Palm warblers in Florida, USA


This video from the USA says about itself:

3 November 2016

A Western Palm Warbler wintering in the Florida Backyard. There are two species of Palm Warbler and both spend winter in Florida – a “western” subspecies which is the duller, but still beautiful bird seen here and an “eastern” (or “yellow”) subspecies which is a much more striking bird. It can be seen in the video below taken in a nearby mangrove swamp.

The “western” refers to the summer breeding range of this warbler which migrates to the southeast in great numbers, while the “eastern” Palm Warbler with summer breeding grounds in the Northeast migrates more to the west – So many more western birds end up in Florida than eastern birds during the winter – now you know!

This video from the USA says about itself:

Eastern Palm Warbler

2 April 2016

Palm Warbler on its winter grounds in Florida soon to be heading far north to breed. A bright, distinguished and energetic Warbler it is most noteworthy for its chestnut cap, yellow highlights and constant wagging of its tail. This is a very difficult bird to film while foraging in heavy brush – most of this video is in slow motion!

Limpkins in Florida, USA


This video from the USA says about itself:

31 october 2016

Limpkins are fascinating birds and a species of special concern in Florida. This pair may be a couple and the male may have already staked out this breeding territory. Their diet consists mainly of Apple Snails, but here they are eating fresh water mussels. These birds eat well!

Hen harrier video


This video from the USA says about itself:

28 October 2016

Northern Harrier in classic open marshland habitat near the St. Johns River in Florida. This unique hawk has an owl-like looking face. Also called a Marsh Hawk or Hen Hawk [Hen harrier] this is a first time species on film for me – this is a migratory hawk just arriving from the north. This is what extreme zoom lenses are for.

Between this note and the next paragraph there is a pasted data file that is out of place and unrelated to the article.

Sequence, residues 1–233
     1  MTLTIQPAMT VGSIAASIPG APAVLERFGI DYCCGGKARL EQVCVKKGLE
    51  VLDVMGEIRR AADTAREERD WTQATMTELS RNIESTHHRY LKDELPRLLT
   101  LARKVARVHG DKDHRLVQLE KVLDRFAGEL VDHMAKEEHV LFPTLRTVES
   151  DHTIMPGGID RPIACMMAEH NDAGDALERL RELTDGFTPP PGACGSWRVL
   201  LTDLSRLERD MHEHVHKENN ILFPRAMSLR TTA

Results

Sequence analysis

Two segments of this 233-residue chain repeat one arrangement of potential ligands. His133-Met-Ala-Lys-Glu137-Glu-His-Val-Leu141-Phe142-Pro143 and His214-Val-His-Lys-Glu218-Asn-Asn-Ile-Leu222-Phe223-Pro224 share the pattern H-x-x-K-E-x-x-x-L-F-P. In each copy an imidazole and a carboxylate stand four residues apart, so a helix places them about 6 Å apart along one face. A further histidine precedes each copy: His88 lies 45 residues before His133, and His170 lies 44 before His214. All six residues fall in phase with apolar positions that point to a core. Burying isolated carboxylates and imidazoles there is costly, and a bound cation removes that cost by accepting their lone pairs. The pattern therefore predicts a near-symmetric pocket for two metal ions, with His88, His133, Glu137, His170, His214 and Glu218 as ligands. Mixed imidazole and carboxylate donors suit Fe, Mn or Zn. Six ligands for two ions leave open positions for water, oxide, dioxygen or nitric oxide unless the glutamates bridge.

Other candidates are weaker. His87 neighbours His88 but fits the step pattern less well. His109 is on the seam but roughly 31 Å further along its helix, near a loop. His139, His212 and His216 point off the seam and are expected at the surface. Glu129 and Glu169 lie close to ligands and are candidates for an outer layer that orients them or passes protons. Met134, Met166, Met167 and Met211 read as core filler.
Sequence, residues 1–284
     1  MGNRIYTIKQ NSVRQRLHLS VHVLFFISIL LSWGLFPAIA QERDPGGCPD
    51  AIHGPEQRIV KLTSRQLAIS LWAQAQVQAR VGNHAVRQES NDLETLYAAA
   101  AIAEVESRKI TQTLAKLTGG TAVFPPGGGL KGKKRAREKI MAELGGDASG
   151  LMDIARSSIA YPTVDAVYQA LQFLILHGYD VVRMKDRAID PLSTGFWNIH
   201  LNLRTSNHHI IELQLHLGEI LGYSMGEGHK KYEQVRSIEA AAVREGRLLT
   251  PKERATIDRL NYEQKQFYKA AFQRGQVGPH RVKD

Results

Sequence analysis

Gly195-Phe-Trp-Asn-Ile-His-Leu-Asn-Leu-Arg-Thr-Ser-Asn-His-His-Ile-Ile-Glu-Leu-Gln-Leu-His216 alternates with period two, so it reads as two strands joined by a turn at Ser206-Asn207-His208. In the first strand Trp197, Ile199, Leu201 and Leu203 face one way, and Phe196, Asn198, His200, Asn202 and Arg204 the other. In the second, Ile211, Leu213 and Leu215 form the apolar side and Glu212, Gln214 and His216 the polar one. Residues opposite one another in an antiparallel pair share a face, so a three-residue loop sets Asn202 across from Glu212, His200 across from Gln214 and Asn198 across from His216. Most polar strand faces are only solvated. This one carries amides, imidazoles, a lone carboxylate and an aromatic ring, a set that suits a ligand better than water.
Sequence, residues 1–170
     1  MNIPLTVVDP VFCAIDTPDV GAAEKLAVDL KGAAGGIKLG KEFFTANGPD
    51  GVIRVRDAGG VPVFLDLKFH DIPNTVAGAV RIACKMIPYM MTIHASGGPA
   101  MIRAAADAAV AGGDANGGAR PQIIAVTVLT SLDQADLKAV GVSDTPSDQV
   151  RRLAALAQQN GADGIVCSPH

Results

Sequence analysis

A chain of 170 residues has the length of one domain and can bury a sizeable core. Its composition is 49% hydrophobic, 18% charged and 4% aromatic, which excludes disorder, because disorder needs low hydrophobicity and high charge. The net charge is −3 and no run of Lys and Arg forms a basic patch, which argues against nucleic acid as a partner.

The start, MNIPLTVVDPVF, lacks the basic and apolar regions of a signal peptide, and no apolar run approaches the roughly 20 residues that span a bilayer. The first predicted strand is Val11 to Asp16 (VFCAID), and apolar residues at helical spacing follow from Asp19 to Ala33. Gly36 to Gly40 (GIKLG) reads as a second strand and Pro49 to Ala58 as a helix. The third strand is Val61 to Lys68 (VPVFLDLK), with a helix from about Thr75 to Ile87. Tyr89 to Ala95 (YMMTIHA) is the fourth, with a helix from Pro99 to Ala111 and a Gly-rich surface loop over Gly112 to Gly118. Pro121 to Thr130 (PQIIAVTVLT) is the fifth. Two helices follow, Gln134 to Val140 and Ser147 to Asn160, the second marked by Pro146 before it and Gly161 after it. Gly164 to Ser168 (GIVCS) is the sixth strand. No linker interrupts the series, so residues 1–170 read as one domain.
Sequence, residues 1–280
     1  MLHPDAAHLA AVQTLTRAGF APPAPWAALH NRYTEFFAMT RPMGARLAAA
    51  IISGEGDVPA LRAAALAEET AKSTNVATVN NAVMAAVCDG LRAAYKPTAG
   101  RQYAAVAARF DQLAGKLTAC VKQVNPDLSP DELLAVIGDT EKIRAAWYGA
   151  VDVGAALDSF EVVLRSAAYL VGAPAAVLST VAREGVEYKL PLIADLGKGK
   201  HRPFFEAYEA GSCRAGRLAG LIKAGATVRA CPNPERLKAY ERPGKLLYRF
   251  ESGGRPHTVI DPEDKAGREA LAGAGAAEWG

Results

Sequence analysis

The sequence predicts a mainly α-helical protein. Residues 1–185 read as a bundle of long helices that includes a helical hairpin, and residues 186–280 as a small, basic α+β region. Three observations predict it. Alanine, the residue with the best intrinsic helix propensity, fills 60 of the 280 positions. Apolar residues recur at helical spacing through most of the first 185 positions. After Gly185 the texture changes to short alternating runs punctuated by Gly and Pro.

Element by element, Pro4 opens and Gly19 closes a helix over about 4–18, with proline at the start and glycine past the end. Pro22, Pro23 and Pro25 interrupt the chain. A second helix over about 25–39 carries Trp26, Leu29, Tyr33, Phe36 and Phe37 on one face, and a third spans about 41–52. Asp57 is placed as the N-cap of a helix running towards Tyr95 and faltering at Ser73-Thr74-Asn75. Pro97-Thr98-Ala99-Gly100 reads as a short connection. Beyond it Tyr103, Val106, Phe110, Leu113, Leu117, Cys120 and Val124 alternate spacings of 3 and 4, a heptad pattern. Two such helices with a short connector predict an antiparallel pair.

Circus cyaneus is a medium-sized bird of prey that is widely distributed across the Northern Hemisphere. There are two currently recognized forms, the Palearctic form C. c. cyaneus (Hen Harrier), and the Nearctic form C. c. hudsonius (Northern Harrier). The forms have recently been split by the British Ornithologists’ Union but the American Ornithologists’ Union and some other taxonomic committees have not yet made any change. Here we examine the phylogenetic relationship between the two forms using sequence data from multiple nuclear and mitochondrial genes and examine breeding biology, body size, morphology, dispersal and other behaviors.

Sandhill cranes in Florida, USA


This video from the USA says about itself:

16 October 2016

A pair of Florida Sandhill Cranes dig for grubs and accomplish pest control and aeration of yards at the same time, although they tend to leave a bit of a mess. These amazing birds are year-round residents of Florida and part of the allure of living here. They are generally oblivious to human activity and are not to be messed with.

Wading birds in Florida, USA


This video from the USA says about itself:

10 November 2016

Over 10 species of Florida wading birds: Glossy Ibis, White Ibis, Roseate Spoonbills, Great Egrets, Snowy Egrets, Cattle Egrets, small herons, sandpipers etc. all feast on a small landlocked pool brimming with small fish and crustaceans in a marsh. Watching these birds you realize just how huge the Great White Egret is and their great diversity.

American coot couple feeding


This video from the USA says about itself:

3 October 2016

A pair of American Coots feast on algae. Although they gather in very large numbers in south Florida in winter some stay here year round. Coots are not ducks or related to ducks although they spend more time in water than ducks!

The American coot (Fulica americana), also known as a mud hen, is a bird of the family Rallidae. Though commonly mistaken to be ducks, American coots belong to a distinct order. Unlike the webbed feet of ducks, coots have broad, lobed scales on their lower legs and toes that fold back with each step in order to facilitate walking on dry land. Coots live near water, typically inhabiting wetlands and open water bodies in North America. Groups of coots are called covers or rafts. The oldest known coot lived to be 22 years old.

Green iguana feeds in Florida


This video from the USA says about itself:

Green Iguana Feeding in Florida

7 November 2016

Large wild male Green Iguana Lizard feeding on plants. They are quite stunning multicolored lizards – this one really has more blue than green on its head. Descendants of escaped or released pets – iguanas are now freely breeding in the wild and gradually spreading northward with warm winters. Small iguanas and their eggs have many predators that eat them limiting their numbers, but once they reach two feet tall and larger they have few natural enemies. They can reach six feet in length, but 3 or 4 feet long like this one is more common. This one was spotted in Palm Beach County. Hard winter freezes will generally limit their northward advances to around Palm Beach County and south of Lake Okeechobee.